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SURVEY OF THE ARTS An Introduction to the Arts and Humanities Laura Loveday

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What is art? How does it fit into the humanities and sciences? Week one presentation for a class, "Survey of the Arts."

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Page 1: Arts and the Humanities

SURVEY OF THE ARTSAn Introduction to the Arts and Humanities

Laura Loveday

Page 2: Arts and the Humanities
Page 3: Arts and the Humanities

Art and the Eye of the Beholder• Art and Audience• Art and Artist• Art and Intention

The arts strive to weave our experiences into coherent bodies of knowledge and to communicate them to others

Page 4: Arts and the Humanities

Art within humanities• Art is how our ancestors recorded

the world around them in a time before cameras

• We record things the same way today: in how we dress, what music we listen to, the buildings we work and live in, or what we write

• You can tell what a culture valued by their artwork

Page 5: Arts and the Humanities

Science vs. Humanities • Seeks to describe reality• Attempts to create a

universal concept• Measurable and

quantitative

• Seeks to describe humankind’s experience of reality

• Gives form to emotion• More analytical approach

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Page 7: Arts and the Humanities

What would you guess about the person who owns these items?

Page 8: Arts and the Humanities

Concerns of art• Creativity• Aesthetic communication• Symbols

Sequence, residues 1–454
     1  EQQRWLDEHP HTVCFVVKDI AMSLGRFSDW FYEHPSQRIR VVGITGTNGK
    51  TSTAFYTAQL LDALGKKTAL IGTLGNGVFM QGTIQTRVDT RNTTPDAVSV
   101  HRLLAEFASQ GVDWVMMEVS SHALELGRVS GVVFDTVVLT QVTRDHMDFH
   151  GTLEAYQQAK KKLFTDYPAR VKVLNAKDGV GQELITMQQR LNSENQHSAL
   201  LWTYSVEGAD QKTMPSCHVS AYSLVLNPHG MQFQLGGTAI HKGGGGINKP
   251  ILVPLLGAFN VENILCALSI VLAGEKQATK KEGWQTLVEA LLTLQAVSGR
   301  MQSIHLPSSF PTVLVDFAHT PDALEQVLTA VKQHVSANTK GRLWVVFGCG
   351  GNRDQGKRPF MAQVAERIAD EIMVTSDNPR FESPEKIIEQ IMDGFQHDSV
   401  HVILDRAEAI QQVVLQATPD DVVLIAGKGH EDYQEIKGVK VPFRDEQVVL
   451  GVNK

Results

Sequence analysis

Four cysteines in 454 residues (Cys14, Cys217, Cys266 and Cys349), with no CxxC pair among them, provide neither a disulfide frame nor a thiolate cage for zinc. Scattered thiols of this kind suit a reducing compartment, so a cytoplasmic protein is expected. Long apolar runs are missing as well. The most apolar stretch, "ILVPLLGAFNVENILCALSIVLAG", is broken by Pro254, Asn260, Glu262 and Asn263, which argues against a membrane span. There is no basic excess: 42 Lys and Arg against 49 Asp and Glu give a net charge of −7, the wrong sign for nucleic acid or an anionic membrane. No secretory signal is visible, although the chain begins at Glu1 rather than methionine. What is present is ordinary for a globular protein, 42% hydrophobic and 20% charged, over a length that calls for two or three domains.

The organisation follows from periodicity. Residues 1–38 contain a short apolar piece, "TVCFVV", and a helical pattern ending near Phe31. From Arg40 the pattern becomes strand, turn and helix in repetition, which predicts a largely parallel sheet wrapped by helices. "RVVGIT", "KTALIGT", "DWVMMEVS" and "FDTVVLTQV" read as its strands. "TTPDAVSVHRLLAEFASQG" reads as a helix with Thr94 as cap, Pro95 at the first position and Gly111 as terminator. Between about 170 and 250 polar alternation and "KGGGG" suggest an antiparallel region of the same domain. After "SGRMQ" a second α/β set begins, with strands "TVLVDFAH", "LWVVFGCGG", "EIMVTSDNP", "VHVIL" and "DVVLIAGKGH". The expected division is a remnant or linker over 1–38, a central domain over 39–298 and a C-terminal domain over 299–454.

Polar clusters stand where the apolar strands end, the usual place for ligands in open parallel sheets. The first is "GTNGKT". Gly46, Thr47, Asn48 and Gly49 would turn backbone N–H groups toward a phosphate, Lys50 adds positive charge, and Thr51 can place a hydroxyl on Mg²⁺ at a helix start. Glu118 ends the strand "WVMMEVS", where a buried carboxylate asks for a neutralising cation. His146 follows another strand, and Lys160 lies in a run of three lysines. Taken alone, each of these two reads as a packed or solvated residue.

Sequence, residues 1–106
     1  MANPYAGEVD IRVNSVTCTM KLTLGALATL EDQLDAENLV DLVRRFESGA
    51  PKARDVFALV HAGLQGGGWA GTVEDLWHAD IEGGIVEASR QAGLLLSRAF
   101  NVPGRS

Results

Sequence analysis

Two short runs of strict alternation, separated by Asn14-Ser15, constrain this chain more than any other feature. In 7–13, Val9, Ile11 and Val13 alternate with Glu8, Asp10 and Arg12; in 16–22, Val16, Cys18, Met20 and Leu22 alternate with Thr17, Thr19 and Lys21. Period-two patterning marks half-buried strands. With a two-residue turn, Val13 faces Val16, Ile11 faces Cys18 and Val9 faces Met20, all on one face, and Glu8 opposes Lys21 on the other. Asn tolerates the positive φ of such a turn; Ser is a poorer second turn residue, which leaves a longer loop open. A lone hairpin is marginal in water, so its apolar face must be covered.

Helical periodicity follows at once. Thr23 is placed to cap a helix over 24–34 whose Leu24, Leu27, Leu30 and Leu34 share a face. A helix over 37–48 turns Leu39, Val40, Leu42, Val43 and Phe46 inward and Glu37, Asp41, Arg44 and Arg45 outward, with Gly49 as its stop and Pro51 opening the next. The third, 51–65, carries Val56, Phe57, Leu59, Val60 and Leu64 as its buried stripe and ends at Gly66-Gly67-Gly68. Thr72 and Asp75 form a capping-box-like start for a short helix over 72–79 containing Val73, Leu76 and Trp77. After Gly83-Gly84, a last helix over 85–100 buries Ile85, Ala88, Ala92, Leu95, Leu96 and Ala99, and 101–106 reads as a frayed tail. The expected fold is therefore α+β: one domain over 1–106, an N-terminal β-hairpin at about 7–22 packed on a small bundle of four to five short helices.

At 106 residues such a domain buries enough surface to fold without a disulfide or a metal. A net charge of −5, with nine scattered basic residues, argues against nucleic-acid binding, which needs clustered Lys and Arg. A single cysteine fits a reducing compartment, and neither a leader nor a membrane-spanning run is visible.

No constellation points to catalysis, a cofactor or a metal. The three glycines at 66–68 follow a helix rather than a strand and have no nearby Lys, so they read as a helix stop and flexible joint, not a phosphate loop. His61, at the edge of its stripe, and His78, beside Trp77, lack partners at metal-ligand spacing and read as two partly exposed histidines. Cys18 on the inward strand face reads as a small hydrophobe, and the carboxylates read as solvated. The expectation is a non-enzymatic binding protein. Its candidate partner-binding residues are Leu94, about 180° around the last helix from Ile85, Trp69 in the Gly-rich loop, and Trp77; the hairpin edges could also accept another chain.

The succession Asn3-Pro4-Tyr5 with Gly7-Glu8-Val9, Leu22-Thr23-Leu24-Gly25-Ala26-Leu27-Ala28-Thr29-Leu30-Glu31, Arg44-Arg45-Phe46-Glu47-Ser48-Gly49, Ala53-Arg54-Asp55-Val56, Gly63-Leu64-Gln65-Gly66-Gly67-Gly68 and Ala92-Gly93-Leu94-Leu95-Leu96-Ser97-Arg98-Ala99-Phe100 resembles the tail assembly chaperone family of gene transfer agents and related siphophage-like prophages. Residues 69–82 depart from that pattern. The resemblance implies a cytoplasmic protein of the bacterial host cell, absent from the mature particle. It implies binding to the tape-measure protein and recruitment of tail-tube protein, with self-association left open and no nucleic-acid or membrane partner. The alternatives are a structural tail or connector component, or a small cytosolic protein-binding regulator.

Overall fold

Page 9: Arts and the Humanities

Fine art and applied art• Fine art is lauded for its aesthetic quality• Applied art includes architecture or handicrafts with a

decorative purpose

Page 10: Arts and the Humanities

Art’s purpose and functionAmong art’s purposes:1) Provide a record2) Give visible or other form to feelings3) Reveal metaphysical or spiritual truths4) Help people see the world in new or innovative ways

Among art’s functions:5) Enjoyment6) Political and social commentary7) Therapy8) Artifact

Page 11: Arts and the Humanities

Aesthetic perception and response1. What is it?2. How is it put together?3. How does the work appeal to our senses?4. What does this work mean?

Page 12: Arts and the Humanities

1. What is it?2. How is it put together?3. How does the work

appeal to our senses?4. What does this work

mean?

Page 13: Arts and the Humanities

Picasso believed a painting was a “sum of destructions”

Page 14: Arts and the Humanities

http://www.youtube.com/watch?v=_1f7nHsQMFk

1. What is it?2. How is it put together?3. How does the work appeal to our senses?4. What does this work mean?

Page 15: Arts and the Humanities

Criticism of art• Plato vs. Aristotle• Renaissance examined moral worth of art and its

relationship to nature

http://www.youtube.com/watch?v=Vufba_ZcoR0

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• The late 1800s disregarded traditional criticism• Today, we evaluate art based through a “lens”

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• Formal criticism – considers no external conditions or information

• Contextual criticism – considers related information outside the artwork, such as facts about the artist, social and political conditions, etc.

Evaluating art

Page 18: Arts and the Humanities

• Artisanship – Is the work well made? Understand the medium and the style

• Communication – Evaluate what the artwork tries to say and if it was worth the effort. Does it offer a profound or unique insight?

Page 19: Arts and the Humanities

Art brut, or “outsider art”• Idea developed by Jean

Dubuffet in the 1940s and Roger Cardinal in 1972

• Work created by those outside of mainstream art culture

• Artists may be self-taught• May illustrate extreme mental

states, unconventional ideas, or fantasy worlds

Page 20: Arts and the Humanities

Style

Page 21: Arts and the Humanities